from The American Heritage® Dictionary of the English Language, 5th Edition.

  • adjective Inspiring awe.
  • adjective Expressing awe.
  • adjective Slang Remarkable; outstanding.

from The Century Dictionary.

  • Inspiring awe; awful: as, an awesome sight.
  • Evidencing or expressive of terror.
  • Also spelled awsome.

from the GNU version of the Collaborative International Dictionary of English.

  • adjective Causing awe; appalling; awful.
  • adjective Expressive of awe or terror.

from Wiktionary, Creative Commons Attribution/Share-Alike License.

  • adjective Causing awe or terror; inspiring wonder or excitement.
  • adjective colloquial Excellent, exciting, remarkable.

from WordNet 3.0 Copyright 2006 by Princeton University. All rights reserved.

  • adjective inspiring awe or admiration or wonder


from Wiktionary, Creative Commons Attribution/Share-Alike License

Early Modern English 1590-1600, from awe +‎ -some. Compare Old English eġeful ("fearful, inspiring awe").


Help support Wordnik (and make this page ad-free) by adopting the word awesome.



Log in or sign up to get involved in the conversation. It's quick and easy.

  • OK, I know its use as a colloquial synonym of 'excellent' has been around since the early 80's, but I still need a word that only means 'inducing terror or unbounded awe' because when I get that feeling (which happens more often than you'd think), using an adjective that implies anything less would just sacrilegiously cheapen the experience.

    So, my two euros (since pennies aren't worth much these days): If your breath hasn't been taken away or your perception of reality hasn't been turned on its head or you aren't quaking with terror, then perhaps what you've encountered is something merely hawesome. :)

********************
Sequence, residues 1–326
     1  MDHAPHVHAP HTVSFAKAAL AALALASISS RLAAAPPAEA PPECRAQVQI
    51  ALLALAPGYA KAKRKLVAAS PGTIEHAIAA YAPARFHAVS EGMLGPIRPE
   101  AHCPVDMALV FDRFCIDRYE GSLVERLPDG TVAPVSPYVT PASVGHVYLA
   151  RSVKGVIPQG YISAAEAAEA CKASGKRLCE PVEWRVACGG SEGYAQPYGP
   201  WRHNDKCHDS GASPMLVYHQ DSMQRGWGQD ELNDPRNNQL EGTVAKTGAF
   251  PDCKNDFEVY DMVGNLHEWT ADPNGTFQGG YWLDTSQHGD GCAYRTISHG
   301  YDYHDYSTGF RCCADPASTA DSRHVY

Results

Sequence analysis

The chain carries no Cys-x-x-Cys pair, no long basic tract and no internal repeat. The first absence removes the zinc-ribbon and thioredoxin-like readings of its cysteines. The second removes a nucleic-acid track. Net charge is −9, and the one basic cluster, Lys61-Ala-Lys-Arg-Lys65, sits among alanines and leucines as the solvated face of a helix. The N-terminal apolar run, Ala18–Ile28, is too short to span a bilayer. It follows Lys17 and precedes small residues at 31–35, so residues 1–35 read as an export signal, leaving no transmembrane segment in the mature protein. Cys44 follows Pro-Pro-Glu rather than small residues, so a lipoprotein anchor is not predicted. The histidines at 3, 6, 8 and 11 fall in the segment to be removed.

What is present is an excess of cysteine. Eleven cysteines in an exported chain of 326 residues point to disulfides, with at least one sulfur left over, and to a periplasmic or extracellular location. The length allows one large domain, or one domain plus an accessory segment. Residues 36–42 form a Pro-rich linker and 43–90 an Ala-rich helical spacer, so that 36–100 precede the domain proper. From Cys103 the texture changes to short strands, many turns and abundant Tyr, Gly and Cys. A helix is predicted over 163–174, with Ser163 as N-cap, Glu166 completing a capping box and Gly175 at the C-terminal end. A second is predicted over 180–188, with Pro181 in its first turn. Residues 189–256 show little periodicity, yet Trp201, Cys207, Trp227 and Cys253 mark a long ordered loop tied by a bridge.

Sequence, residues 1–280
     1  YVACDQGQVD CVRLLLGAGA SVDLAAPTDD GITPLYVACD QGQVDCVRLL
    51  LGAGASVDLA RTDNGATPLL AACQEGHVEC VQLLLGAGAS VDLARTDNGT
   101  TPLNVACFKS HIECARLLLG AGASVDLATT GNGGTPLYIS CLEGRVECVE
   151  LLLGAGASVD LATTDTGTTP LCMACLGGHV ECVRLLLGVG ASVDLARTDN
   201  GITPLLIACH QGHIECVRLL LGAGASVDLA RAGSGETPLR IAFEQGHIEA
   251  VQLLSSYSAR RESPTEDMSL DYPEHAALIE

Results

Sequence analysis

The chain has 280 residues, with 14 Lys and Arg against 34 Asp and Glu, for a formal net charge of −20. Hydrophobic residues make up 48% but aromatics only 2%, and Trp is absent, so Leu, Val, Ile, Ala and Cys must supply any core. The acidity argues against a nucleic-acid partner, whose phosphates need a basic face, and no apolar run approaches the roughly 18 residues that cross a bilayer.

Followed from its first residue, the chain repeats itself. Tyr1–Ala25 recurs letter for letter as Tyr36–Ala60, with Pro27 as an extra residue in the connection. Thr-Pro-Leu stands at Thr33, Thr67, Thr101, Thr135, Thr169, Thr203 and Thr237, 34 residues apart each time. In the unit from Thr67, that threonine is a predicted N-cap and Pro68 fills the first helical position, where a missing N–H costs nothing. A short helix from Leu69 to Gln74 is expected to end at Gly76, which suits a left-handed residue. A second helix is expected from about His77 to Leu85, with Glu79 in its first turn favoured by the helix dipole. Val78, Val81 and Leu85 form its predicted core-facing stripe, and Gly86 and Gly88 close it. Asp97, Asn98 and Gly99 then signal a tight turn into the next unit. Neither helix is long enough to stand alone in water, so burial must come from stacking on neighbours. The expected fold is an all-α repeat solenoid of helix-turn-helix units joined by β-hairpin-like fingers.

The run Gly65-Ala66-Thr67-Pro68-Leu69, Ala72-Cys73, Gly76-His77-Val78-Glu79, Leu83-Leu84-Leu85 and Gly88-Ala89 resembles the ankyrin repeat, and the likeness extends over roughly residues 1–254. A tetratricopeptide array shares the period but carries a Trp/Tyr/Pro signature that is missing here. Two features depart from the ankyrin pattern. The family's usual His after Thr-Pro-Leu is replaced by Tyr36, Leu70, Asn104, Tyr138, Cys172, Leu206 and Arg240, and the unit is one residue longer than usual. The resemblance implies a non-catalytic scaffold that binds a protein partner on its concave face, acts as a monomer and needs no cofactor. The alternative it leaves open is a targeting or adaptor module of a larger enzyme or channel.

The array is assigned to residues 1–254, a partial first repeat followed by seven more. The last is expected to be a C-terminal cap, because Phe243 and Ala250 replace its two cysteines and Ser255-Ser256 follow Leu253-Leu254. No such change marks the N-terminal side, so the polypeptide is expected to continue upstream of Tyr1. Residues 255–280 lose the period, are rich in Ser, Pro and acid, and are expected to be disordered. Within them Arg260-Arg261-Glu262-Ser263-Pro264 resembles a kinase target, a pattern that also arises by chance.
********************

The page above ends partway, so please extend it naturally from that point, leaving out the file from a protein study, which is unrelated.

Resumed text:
December 8, 2006

  • I see your predicament, pedalinfaith. awe-inspiring just doesn't have quite the same ring--gets the job done, but it even sounds a little cliché. Hmm, a better substitute isn't coming to me. I say spite the masses and continue using it as you always have :)

    January 6, 2007

  • I use it both ways myself.

    January 12, 2007

  • Used by 'dummies' who don't know the true meaning of the word! I assume some 'cleb' used it on TV and then all the 'sheep' took it up?

    October 9, 2009

  • @LiteralMinded's @VisualThesaurus column on "awesome/awful/awe"--and rollercoasters! (paywall)

    June 10, 2010

  • David Tua, a famous boxer here in NZ, once asked for an "O for awesome" on Wheel of Fortune. And that was the main part of the game where you can only choose consonants.

    April 10, 2011

  • Tua can play at that game!

    April 11, 2011

  • Well I can see why a Nw Zlndr would be desperately craving any kind of vowel.

    April 11, 2011

  • Maybe he could use a vowelhound?

    April 12, 2011

  • Overused word.

    August 22, 2011

  • Have you ever wondered why 'full of awe' is the opposite of aw(e)ful? Awesome is an odd awe-sum! Aw(e)-shucks! It appears we have a limited capacity for awe. How awful!! We are so awe-struck, overawed and abawed!

    August 23, 2011